Home > Dianne Feinstein, Nigeria, terror, United States of America > Feinstein seeks revision of terrorist watchlist rules

Feinstein seeks revision of terrorist watchlist rules

December 31, 2009 Leave a comment Go to comments

WASHINGTON, D.C. (Press Release) – U.S. Senator Dianne Feinstein (Democrat, California), chairman of the Senate Select Committee on Intelligence, on Wednesday sent a letter to President Obama urging the Administration to strengthen U.S. counterterrorism policies in the wake of the December 25 attack.
 
Following is the text of the letter sent by Chairman Feinstein to President Obama:
 
December 30, 2009

The President
The White House
1600 Pennsylvania Avenue
Washington, D.C. 20500
 
Dear Mr. President:
 
The failed December 25, 2009, plot by Umar Farouq Abdulmutallab is a reminder that attempts to attack the U.S. Homeland continue and that al Qaeda and affiliated terrorist groups are searching for new ways to use explosive devices and operatives that will not arouse suspicion in order to carry out attacks in this country.  We must therefore adjust to meet these developments and stay ahead of them. 
 
It is clear that the U.S. Government was warned of Mr. Abdulmutallab’s radicalization more than a month before he flew from Nigeria to Amsterdam to Detroit.  Yet apparently no action was taken other than to put Mr. Abdulmutallab in the Terrorist Identities Datamart Environment (TIDE).  He was not placed on a No Fly or Selectee List for additional scrutiny and screening, nor was action taken to revoke his visa.  I understand that no such action was taken because of a policy, established in 2008 and remaining in place today, that limits the circumstances under which the government adds an individual to the watchlist.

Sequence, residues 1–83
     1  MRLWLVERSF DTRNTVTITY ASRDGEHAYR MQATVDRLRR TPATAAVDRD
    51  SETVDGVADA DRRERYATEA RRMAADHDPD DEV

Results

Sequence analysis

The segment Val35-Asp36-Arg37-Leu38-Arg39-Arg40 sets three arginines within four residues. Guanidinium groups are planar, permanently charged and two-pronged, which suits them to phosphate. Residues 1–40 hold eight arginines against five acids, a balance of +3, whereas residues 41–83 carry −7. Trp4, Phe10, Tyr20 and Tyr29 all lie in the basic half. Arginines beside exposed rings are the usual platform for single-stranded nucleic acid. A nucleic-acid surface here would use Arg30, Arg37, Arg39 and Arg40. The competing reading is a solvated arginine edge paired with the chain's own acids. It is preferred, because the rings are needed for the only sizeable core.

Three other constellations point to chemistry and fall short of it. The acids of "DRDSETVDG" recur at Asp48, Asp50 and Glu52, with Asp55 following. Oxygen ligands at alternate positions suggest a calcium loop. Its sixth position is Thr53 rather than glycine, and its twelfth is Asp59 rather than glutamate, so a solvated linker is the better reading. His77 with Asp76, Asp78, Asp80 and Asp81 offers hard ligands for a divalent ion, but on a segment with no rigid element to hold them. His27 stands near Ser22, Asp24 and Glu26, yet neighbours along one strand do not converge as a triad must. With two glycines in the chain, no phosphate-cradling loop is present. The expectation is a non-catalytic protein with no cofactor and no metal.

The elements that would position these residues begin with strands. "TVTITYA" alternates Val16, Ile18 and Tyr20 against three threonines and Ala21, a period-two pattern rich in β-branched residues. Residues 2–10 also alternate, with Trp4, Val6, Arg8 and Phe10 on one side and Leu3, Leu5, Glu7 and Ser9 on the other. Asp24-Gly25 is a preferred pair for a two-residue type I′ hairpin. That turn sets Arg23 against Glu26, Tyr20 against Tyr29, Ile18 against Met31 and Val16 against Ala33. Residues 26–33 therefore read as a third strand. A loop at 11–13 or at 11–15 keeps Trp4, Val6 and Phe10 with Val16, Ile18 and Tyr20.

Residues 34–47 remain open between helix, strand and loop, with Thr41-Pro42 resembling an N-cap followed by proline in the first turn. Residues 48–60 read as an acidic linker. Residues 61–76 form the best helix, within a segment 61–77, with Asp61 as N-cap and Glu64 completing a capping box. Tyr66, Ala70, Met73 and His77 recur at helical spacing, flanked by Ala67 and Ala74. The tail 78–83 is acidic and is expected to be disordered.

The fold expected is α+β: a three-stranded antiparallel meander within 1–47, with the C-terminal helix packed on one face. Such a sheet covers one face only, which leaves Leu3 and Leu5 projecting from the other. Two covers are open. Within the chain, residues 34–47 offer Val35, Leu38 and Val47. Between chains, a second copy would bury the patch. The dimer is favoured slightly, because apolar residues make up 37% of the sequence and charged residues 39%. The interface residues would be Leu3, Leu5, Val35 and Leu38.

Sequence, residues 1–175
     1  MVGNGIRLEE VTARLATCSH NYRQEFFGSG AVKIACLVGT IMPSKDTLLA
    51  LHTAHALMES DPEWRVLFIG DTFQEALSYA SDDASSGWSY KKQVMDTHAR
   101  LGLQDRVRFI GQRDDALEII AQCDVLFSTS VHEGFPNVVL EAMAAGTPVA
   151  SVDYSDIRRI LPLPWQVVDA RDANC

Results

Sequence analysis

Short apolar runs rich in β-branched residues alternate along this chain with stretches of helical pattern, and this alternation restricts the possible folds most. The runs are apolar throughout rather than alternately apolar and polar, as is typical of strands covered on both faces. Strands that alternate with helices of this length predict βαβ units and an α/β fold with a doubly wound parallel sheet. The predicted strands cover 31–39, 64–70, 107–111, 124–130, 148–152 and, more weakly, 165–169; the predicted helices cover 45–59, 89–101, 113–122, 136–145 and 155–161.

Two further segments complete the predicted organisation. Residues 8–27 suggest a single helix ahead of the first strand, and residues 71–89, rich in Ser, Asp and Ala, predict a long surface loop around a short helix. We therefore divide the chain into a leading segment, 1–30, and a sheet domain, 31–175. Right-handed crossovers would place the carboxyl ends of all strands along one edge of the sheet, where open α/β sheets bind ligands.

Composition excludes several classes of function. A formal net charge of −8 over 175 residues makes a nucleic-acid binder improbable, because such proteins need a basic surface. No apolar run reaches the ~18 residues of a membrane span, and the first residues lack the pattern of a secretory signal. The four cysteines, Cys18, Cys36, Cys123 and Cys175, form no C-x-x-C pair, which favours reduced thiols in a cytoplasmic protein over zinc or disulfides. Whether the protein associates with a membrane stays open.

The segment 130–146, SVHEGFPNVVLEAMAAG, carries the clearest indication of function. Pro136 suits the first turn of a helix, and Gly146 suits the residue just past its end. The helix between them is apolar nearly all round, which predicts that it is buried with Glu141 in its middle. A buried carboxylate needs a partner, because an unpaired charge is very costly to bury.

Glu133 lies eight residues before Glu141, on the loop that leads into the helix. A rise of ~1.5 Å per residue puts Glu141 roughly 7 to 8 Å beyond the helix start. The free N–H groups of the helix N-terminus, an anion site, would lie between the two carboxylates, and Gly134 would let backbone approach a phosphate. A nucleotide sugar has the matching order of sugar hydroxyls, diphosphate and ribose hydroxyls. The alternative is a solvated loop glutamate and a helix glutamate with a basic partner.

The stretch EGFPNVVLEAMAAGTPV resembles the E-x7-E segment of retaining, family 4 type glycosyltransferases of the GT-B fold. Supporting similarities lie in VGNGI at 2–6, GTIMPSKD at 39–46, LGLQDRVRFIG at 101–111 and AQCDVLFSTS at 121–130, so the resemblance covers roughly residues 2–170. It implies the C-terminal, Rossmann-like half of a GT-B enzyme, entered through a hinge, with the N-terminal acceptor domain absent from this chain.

I believe the 2008 standard is too restrictive and should be changed.  The U.S. Government should watchlist, and deny visas to, anyone who is reasonably believed to be affiliated with, part of, or acting on behalf of a terrorist organization. 
 
Intelligence collection, dissemination, and sharing has improved greatly since 9/11.  The immediate counterterrorism challenge we face is understanding the importance of information already available and acting urgently on that information.
 
I understand that increasing protective measures may lead to increased delay and hassle to many Americans.  But as you have said many times, and I strongly agree, our first priority must be to protect our nation from attack.  I appreciate your effort to begin a full review of U.S. policies and I look forward to working with you to implement the changes that are needed to protect our nation.
 
Sincerely,

Dianne Feinstein

 *
Preceding provided by Senator Feinstein

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